The French began their remarks in the same strain, expressing their thanks at great length and then proceeding to state their rights and justifications, as we had done. They said that they considered a marriage a very laudable solution, and a very reasonable way of reconciling the princes, but they were astonished that their suggestion about the Duke of Orleans had been rejected so drily. If we had any proposal to make instead, they would gladly listen to it, and they claimed that it was our place to do so, for such was the custom of those who were asking for a bride. They had understood that we were unwilling to reopen discussion on points which we asserted had been settled by former treaties, but wished to talk about places that had been occupied and not given back. But as for Milan, they wished to hear from us whether their King had renounced his right to it by any treaty.
We replied that we were sure they had read the treaties, and had observed the renouncements contained therein. They could not fail to remember that all claim to Milan had been expressly renounced by the treaties of Madrid and Cambrai, which in their turn had been expressly confirmed by that of Crépy. As they knew, we had rebutted their claim to Milan, after which it had been observed that some other means must be devised to make it up between the two princes, and they had said that they wished to know what your Majesty was willing to do in order to buy the friendship of the King of France. Our reply had been that we knew very well how valuable their King's friendship would be for your Majesty: your Majesty greatly prised it, and had done all in your power, first not to lose it and then to regain it. We believed that the French ought to value no less your Majesty's friendship, and would like to know what they would be willing to do for it. Failing all other means, the idea of a matrimonial alliance had been put forward, and we had answered that we found it excellent; we had no objection to make on our side, and would be glad to consult your Majesty on the subject. It had never occurred to us that they would revive their claim to Milan, for they had not mentioned it up to the present, as there had been renouncements, and your Majesty had therefore given us no instructions on the matter. The French were wrong in holding that we ought to make proposals because we were asking for a bride, for we had not suggested a marriage, but merely answered what the mediators had put forward. We had approved of the English suggestion, but the French, instead of giving a plain answer about the proposal, had put forward other conditions which we had been unable to regard as suitable. By so doing the French had avoided giving any answer on what the English had proposed.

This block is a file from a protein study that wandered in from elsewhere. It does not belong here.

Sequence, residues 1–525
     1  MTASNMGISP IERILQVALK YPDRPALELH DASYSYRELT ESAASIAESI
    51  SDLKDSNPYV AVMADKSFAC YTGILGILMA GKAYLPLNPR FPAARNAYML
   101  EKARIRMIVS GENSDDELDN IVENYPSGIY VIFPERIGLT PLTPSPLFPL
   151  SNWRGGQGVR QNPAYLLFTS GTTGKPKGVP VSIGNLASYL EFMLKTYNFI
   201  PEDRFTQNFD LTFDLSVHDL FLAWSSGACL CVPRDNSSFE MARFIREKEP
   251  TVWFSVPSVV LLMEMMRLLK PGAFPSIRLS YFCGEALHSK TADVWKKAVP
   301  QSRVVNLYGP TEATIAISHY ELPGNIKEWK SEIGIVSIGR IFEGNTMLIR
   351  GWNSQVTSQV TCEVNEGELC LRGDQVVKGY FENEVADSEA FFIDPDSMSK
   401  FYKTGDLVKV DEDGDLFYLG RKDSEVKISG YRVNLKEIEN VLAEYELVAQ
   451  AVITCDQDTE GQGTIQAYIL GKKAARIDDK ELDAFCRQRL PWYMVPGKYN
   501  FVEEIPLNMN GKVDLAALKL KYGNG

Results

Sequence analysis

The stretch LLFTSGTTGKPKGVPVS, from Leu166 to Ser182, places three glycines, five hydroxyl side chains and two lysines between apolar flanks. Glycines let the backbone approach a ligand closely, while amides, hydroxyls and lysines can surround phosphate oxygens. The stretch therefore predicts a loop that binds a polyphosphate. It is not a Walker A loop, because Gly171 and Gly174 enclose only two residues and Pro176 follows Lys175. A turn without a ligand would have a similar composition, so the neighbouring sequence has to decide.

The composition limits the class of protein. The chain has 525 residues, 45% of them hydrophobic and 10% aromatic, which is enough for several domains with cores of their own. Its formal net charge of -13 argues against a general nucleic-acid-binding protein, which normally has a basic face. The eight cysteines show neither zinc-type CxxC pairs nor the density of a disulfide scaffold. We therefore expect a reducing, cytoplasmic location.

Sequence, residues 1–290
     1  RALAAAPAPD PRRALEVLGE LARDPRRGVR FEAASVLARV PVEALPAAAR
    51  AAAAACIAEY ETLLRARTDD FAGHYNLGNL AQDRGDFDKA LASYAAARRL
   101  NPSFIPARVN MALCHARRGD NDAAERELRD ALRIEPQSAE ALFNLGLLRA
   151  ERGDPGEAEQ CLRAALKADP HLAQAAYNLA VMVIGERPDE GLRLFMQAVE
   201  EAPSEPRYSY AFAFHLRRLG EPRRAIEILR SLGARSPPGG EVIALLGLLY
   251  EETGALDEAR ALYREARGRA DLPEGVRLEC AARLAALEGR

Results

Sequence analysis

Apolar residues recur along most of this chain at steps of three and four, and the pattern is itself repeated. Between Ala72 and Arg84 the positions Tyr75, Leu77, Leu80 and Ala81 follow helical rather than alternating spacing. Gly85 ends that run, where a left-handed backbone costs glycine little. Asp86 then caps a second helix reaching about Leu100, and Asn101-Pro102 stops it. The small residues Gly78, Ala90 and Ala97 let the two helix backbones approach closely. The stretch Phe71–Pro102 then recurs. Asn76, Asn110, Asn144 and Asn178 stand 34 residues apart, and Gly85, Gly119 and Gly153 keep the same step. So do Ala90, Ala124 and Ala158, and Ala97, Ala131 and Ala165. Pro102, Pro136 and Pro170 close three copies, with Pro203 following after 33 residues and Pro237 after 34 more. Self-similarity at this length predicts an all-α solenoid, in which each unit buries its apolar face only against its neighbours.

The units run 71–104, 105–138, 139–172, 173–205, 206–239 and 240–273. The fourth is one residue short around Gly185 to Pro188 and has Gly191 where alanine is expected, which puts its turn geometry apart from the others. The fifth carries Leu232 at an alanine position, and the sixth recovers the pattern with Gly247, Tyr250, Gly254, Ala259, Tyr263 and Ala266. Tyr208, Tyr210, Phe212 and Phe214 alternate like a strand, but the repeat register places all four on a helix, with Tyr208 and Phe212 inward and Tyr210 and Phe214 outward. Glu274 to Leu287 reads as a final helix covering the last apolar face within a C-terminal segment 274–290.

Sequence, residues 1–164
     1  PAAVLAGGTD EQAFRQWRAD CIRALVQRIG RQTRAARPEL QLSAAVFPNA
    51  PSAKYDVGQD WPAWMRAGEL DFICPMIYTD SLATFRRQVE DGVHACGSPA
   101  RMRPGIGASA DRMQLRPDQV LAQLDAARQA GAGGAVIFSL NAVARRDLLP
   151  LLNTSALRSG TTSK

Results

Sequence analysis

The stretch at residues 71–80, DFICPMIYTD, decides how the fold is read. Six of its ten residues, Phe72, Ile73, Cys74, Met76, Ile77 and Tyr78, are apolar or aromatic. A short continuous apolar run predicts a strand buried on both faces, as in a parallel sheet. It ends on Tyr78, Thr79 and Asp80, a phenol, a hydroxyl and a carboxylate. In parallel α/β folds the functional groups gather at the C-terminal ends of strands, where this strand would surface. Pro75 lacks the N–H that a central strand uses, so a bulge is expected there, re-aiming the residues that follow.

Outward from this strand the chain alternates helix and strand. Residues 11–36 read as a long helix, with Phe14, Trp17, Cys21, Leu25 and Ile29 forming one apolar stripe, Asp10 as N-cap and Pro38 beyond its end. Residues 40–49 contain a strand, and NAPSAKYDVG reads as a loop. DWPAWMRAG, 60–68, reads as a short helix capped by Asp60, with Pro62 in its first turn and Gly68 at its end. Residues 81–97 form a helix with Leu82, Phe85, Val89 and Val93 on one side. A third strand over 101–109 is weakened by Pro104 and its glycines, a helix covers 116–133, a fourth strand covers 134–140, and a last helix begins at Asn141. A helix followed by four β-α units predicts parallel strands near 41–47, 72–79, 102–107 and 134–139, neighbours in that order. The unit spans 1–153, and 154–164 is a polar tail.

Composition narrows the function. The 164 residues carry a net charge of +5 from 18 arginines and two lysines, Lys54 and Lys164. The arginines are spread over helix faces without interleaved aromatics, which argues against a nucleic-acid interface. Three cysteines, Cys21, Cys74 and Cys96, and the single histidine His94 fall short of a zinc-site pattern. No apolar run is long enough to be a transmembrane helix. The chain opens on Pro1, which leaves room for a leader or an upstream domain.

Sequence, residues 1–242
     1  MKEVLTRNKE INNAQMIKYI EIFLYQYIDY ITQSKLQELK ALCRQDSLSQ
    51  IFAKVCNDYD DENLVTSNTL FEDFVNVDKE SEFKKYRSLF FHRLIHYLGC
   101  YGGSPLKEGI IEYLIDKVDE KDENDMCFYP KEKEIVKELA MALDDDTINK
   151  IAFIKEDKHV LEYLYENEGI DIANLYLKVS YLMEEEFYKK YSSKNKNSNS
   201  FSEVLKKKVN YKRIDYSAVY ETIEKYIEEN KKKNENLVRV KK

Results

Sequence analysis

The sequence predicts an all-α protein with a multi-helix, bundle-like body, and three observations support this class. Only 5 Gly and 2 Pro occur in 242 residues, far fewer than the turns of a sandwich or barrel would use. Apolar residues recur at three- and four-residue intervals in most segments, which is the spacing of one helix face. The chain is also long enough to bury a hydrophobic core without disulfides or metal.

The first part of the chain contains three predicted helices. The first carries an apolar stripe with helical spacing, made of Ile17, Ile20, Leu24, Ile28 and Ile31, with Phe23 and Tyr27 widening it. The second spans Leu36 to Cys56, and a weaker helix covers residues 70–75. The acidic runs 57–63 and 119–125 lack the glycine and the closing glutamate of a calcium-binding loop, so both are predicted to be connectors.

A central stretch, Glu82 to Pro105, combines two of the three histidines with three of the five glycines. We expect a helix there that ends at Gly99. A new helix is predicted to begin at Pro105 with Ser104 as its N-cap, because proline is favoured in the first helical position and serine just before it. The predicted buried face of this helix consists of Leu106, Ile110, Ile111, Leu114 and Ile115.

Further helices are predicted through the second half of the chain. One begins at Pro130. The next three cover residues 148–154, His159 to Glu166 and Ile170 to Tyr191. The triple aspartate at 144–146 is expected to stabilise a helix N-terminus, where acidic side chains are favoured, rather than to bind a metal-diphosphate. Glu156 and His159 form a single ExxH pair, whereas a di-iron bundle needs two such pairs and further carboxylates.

The French made answer that the mediators cannot have understood them well if they thought they had said that your Majesty must buy the French King's friendship. If your Majesty valued their friendship, as they readily believed, their King esteemed your Majesty's not a whit less, and would be willing to do much for the sake of it and to requite it, provided he found appropriate means for so doing. They did not wish to dwell on the question of who was asking for a bride; all they wanted was that if this marriage could be arranged we might discover some acceptable ground on which to conclude it. They would be very happy to see this marriage an accomplished fact, and also would hope that some such alliance might later be concluded for the child who is to be born to the Queen of England, and indeed they desired every means that could contribute to a friendship between the two sides. As for Milan, we were not right in considering that their claim had been renounced by the treaties, and this for two reasons: first because although the late King was able to give up his own right, and they would not deny that he had done so, he had not been able to forgo a right that did not belong to him, as was the case with that which the present King had inherited from his mother; and second because the Treaty of Crépy, which we said had confirmed those of Madrid and Cambrai, expressly specified that it was to apply in the absence of other provisions that might be agreed to. Now this same Treaty of Crépy itself had contained other provisions, as we very well knew. Even if the treaties of Madrid and Cambrai did contain renouncements, and independently of the question whether they affected the rights of the present King, the new provision contained in the Treaty of Crépy made it impossible for us to base our arguments on those renouncements.